- What Initiates a Distribution?
- Five Dates You Should Know
- Selecting a Distribution Option
- Deciding on a Payout Option
- Annuity Form of Payout
- Advantages and Disadvantages of Taking an Annuity
- Taking a Lump-Sum Distribution: Know Your Options
- Annuity vs. Managing Your Own Retirement Assets
- Advantages and Disadvantages of a Lump-Sum Distribution
- The Roth IRA–How Does It Fit In?
- Making the Decision: Annuity or Lump-Sum?
- Taxation of Distribution Options
- Rollover into a Traditional IRA
- Advantages and Disadvantages of Rollover to a Traditional IRA
- Annuity Payouts
- Early Distributions
- Should You Defer Your Retirement Plan Distribution as Long as Possible?
- Distributions Following Death
The payout option you elect is probably one of the most important decisions you'll ever make. That's because your decision is irrevocable. Understanding your distribution options is crucial to your planning.
Retirement Plan Distribution Options
With a defined-benefit plan, your employer may give you a choice of a fixed monthly payout known as an annuity, a lump-sum distribution, or a combination of both. With a defined-contribution plan, you may be able to exercise these options:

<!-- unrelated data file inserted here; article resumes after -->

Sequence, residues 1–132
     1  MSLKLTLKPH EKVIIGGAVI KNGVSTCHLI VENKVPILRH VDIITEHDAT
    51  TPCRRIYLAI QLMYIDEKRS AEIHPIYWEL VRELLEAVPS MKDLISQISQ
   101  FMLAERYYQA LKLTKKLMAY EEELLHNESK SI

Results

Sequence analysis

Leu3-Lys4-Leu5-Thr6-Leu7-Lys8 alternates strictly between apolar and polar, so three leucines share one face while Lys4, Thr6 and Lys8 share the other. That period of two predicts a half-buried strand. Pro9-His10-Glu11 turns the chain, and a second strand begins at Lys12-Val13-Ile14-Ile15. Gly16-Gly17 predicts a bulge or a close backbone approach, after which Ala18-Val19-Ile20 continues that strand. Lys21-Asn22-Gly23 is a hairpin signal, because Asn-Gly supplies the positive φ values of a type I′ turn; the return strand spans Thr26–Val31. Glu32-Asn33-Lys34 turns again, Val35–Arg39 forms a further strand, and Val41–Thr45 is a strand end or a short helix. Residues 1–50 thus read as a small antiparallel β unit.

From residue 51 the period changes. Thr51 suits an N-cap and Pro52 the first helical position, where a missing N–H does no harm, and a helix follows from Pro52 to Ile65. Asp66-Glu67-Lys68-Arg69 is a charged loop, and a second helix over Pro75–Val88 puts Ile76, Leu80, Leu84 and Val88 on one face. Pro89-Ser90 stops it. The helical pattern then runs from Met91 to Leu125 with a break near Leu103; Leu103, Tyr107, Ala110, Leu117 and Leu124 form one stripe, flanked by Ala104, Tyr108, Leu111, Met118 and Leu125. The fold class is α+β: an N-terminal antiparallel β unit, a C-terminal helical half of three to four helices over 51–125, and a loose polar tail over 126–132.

- Annuitize your total investment and receive a fixed monthly income.
- Leave your money in the plan until you need it, or until the age that minimum distributions must begin (72 (70½ if you reached age 70 1/2 by January 1,2020)).
- Take it as a lump sum distribution and report it as taxable income in the current year, or defer taxes by either rolling it over to a traditional IRA, or by rolling it over to a new employer's plan within 60 days. You may be able to postpone distributions from your current employer's retirement plans if you are still employed, even if you are older than 72 (70½ if you reached age 70 1/2 by January 1,2020). (This doesn't apply if you are a 5% owner; i.e., you own more than 5% of the company.) Distributions from a Roth IRA can be postponed beyond age 72 (70½ if you reached age 70 1/2 by January 1,2020), whether you are employed or not.
SUGGESTION: If you have both a defined benefit plan and a defined contribution plan and don't need all the income at once, consider taking an annuity payout from your defined benefit plan and letting your money grow tax-deferred in the defined contribution plan.
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